A Jewish extremist who had been suspected of involvement in an arson attack on Jerusalem’s Dormition Abbey was released from five months of imprisonment without charges Sunday night – after two other people confessed to the attack.
Mordechai Meyer, 18, of the West Bank settlement of Ma’aleh Adumim, was put under administrative detention in August. The Shin Bet security service ordered his jailing without charges immediately after a deadly firebombing by Jewish terrorists killed a Palestinian toddler and his parents in the West Bank village of Duma.
At a subsequent court hearing on his detention, the Shin Bet argued that Meyer was a danger to the public – not because it suspected him in the Duma attack, but because it had intelligence indicating he was involved in the attack on Dormition Abbey last February. Central District Court President Avraham Tal accepted this argument and approved Meyer’s detention twice.
But during the Shin Bet’s investigation of the Duma murders, two minors who were suspects in that case confessed that they, together with a third person, were responsible for the Dormition Abbey attack.
One minor, A., was charged on Sunday with involvement in both the Duma murders and the Dormition Abbey arson. The other, B., and the third person, Yinon Reuveni, were charged only with the Dormition Abbey attack. Unlike the minors, Reuveni hasn’t confessed.
After the indictment against A. and the others was made public, Meyer’s lawyer, Itzhak Bam, asked the court to release his client. But the Shin Bet decided to release him without waiting for the court’s decision.
Nevertheless, the agency left certain restrictions against Meyer in place. For instance, he must remain under house arrest at night and may not enter the West Bank.
“This is an earthquake,” said Bam, who represented Meyer via the Honenu organization. “A man sat in jail for five months for nothing. We will demand a reconsideration of all the administrative orders and administrative detentions that were apparently issued on the basis of the Shin Bet’s erroneous information.”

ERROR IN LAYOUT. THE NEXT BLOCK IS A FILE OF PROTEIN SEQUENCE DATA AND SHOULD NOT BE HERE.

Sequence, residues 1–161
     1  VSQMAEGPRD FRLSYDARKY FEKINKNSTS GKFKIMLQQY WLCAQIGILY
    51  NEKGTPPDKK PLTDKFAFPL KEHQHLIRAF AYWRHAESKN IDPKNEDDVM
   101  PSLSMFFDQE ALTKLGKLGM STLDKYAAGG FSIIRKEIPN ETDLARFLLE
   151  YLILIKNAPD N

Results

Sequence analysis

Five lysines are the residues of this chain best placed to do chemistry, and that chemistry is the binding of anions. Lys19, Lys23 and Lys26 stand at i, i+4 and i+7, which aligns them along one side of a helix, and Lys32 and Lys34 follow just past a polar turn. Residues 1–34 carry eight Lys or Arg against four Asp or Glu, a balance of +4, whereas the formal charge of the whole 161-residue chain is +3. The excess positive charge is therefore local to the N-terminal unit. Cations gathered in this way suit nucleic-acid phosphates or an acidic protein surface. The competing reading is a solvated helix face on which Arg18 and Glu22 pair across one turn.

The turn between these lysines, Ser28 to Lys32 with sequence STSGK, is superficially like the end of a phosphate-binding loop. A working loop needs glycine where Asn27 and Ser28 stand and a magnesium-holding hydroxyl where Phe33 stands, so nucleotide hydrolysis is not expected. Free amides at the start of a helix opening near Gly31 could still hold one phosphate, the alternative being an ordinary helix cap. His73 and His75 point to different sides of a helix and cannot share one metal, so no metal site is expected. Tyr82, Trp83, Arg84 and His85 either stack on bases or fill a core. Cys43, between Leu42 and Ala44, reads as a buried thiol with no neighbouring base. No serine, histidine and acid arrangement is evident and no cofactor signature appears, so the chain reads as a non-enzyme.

From the first, Meyer claimed he had no connection with the Dormition Abbey attack, Bam continued. Nevertheless, he was first arrested, then released and slapped with orders barring him from the West Bank, and finally put in prison without charges for five months, his attorney said, “on orders from the defense minister. Now it turns out he had no connection to this deed.”
The Shin Bet responded that Meyer “belongs to a Jewish terror organization, some of whose members have been served with serious indictments. The basis of his administrative detention was the immediate risk he posed as a member of this organization, and as someone who was involved in its activities.”
After the Duma investigation ended, “and after a reexamination of the risk Meyer posed,” the agency decided to release Meyer from jail but reinstate the other restrictions against him, the Shin Bet’s statement continued. It stressed that these restrictions were imposed not only because of his suspected involvement in the Dormition Abbey attack, but because of “information that indicates his involvement in the activities of the aforesaid terrorist organization.”
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